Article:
​Minimally Invasive Brain Computer Interface helps tetraplegia restore hand functions

An implanted brain-computer interface (BCI) can assist severely disabled persons in communication and active rehabilitation. Nevertheless, sustainable BCI implants require minimal invasiveness. A team led by Prof. Bo Hong from Tsinghua Medicine proposed the principle and design of a minimally invasive BCI in 2013. Over the past ten years, they have developed a miniaturized epidural BCI implant of 25mm-diameter size that can be fitted in the skull, with no battery included. Power was supplied remotely through inductive high-frequency antenna, and the epidural ECoG were transmitted wirelessly to the receiver attached outside the scalp. The NEO system has been tested on white pigs, demonstrating its capacity of stable long-term recording of epidural ECoG while keeping cortical neurons intact. Compared with BrainGate, Neuralink and other implanted BCIs, our NEO system has validated a new approach of balancing intracranial BCI performance and invasiveness.

With ensured minimal invasiveness and long-term safety, the clearance of clinical trials has been received for first-in-human study early in 2023. The first implantation of the NEO system was completed on October 24, 2023, in Beijing Xuanwu Hospital, and the second on December 19, 2023, in Beijing Tiantan Hospital. Both patients with spinal cord injury are expected to improve the motor functions of his hands with help of NEO BCI. The first patient became tetraplegic 14 years ago in a car accident. Implanted with NEO wireless BCI system, he has started BCI training at home and been successful in grasping a bottle with a prosthetic hand. With the help of a machine learning algorithm, the patient can independently eat and drink by himself. With further development of the system, the patient will be able to restore multiple hand movements and functions. The next phase of the study is to develop a new protocol of BCI facilitated active rehabilitation to accelerate neural growth at the site of damaged spinal cord segments.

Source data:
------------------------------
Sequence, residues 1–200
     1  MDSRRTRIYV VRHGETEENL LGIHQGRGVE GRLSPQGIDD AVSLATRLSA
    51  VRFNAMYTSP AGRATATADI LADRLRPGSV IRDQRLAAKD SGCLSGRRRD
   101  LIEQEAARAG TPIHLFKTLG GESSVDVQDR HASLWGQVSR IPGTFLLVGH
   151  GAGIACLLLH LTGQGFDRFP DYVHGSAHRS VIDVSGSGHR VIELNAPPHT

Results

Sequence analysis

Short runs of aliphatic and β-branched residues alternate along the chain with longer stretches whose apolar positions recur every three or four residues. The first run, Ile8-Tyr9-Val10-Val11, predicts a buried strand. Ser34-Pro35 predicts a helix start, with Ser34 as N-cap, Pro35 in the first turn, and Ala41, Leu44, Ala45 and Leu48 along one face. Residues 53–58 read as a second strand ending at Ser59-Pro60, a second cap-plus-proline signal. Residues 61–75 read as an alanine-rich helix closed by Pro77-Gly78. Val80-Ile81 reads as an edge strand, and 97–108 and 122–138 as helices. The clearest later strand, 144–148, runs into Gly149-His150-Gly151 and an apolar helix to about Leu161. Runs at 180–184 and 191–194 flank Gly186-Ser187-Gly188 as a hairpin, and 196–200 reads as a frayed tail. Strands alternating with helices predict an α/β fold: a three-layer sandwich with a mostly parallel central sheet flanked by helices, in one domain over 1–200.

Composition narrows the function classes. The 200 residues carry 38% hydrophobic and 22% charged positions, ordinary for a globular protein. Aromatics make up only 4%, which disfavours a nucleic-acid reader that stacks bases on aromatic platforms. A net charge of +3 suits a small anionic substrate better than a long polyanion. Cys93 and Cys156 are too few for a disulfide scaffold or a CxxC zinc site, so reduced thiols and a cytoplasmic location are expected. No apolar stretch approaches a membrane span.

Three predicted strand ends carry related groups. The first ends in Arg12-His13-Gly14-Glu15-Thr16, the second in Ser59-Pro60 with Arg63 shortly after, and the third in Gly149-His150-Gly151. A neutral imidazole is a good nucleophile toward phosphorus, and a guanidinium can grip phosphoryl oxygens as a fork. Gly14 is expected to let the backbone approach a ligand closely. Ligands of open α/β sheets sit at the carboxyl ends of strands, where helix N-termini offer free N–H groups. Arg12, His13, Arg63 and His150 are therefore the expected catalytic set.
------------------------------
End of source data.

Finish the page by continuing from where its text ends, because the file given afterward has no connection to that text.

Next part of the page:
Fig. 1 Wireless minimally invasive BCI – NEO system. Epi-dural electrode array are implanted in the skull above the functional localized area, collecting local field potentials, which makes neural tissues intact. The chips buried in the skull enable wireless power induction and signal transmission, which makes a no-battery implantation.

Fig. 2 The patient grasps a bottle using the NEO wireless BCI system and a prosthetic hand. Electrodes were implanted over his primary sensory and motor cortex (S1 and M1) to collect ECoG signals above the dura matter, while he attempted to grasp the bottle.

Editor: Li Han

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